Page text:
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Getting started in a color guard can be a bit overwhelming. At first, you may not know what you are doing, or where you should get your supplies. Other members of your team and instructors can be a great resource for information tailored to your team and location. But if you're considering joining a color guard, having an idea of what supplies you'll need, the logistics of some basic moves and other beginner's information can help you decide if color guard is right for you.
Color Guard Equipment
Color guards are known for spinning flags. These are usually six foot metal poles with flags about three feet long. Swing flags are smaller flags, usually used in pairs. More experienced spinners work with rifles and sabers, referred to as weapon line. Some instructors will get creative and use everyday objects like PVC pipe to create poles for spinning or even have members spin with things like briefcases.
Gloves for spinning is a must. You can pick up gloves at most sports stores and even large superstores. These gloves are usually fingerless, with leather hands and mesh on the top of the palm. Weightlifting gloves tend to fit the needs of most spinners. Electrical tape also comes in handy, as it secures flags to poles and can be used to cover weapons. You'll also need a bag for carrying all your equipment. Specially designed bags are available for flags and weapons, but another solution is a ski bag. Ski bags are usually tall enough for six foot flags and have compartments for weapons and smaller supplies.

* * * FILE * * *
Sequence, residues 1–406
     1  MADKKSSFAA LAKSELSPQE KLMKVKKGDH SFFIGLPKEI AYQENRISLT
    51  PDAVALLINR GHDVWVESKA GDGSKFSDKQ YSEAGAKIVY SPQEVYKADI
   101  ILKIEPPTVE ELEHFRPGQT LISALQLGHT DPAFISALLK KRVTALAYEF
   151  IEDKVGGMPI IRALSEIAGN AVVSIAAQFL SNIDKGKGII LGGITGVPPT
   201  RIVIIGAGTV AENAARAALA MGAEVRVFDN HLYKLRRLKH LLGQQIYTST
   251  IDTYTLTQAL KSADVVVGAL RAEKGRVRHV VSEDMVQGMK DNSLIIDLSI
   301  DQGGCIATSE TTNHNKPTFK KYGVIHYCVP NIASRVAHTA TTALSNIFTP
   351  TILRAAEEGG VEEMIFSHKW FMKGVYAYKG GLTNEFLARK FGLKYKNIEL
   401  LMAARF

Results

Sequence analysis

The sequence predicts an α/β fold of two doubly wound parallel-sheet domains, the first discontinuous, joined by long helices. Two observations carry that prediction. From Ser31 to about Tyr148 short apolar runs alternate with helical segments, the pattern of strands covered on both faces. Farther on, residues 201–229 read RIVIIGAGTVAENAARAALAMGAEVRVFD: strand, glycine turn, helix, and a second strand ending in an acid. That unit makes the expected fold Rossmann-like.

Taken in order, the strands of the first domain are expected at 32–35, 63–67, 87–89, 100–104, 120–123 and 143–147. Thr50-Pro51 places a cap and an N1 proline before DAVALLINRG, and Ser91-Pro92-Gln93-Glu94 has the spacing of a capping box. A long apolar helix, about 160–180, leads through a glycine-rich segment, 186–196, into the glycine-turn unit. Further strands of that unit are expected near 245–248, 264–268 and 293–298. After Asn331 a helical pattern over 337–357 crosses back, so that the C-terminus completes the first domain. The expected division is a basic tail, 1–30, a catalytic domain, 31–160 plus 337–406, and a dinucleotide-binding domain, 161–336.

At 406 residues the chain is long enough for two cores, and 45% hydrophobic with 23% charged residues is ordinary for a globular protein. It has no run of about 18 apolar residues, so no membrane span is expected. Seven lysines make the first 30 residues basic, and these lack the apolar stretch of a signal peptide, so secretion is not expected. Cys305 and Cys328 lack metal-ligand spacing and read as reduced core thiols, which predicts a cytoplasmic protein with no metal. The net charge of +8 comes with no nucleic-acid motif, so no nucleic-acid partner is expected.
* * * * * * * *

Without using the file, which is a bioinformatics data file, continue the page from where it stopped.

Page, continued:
The first thing most guard members are taught is called right shoulder. This position has the flag straight up and down, with your left hand at the bottom of the flag pole and your right hand at the end of the flag silk, usually marked by a piece of electrical tape. Your left hand will be at your belly button and the right in front of your face. Next, most color guards teach a move called a drop spin. The drop spin is what many moves are based on. A drop spin begins at right shoulder. Let go of the flag with your left hand, and rotate the flag downward with your right, moving counter clockwise. Your right hand will be upside down, with your palm facing outward. Without removing your right hand, put your left hand on the pole right beneath it. Your palm should be facing outward, with your thumb pointing down. Let go of the flag with your right hand and twist counterclockwise with your left until the flag is facing upward. Place your right hand back onto the pole like you would for right shoulder, but underneath your left hand. These motions create a drop spin. Both of these movements can be mimicked on the left with hands reversed and are the foundations of almost every move.
Tosses take experience and practice, but the basic toss is one all color guard members learn to achieve. You begin at right shoulder, then, keeping the flag facing flat to the front, drop the pole to a 45 degree angle, flag pointing downward on your right. Once in position, push down with your left arm and push upward with your right at the same time. This should send the flag spinning counterclockwise into the air. The direction your right arm is pointing is where the flag is going to fly, so as you practice, keep an eye out. Your flag won't go straight up and down the first few times, as you might not be keeping your arms pointed upwards.
For color guards working with a marching band, you will have to learn how to read charts to find your positions on the field. These charts are usually marked by numbers signifying different members of the band and color guard on a small scale drawing of a football field. Each chart, based on counts of music, gives you a certain amount of counts to move from one position on the field to the next. Your instructors will help you learn how to read the charts based on your color guard's specific needs.
Kelly Wall has been writing news articles since 2007. Her work has been published in "The Informer." She graduated from the University of Hartford in December 2009 with a Bachelor of Arts in international studies and minors in communications and Spanish.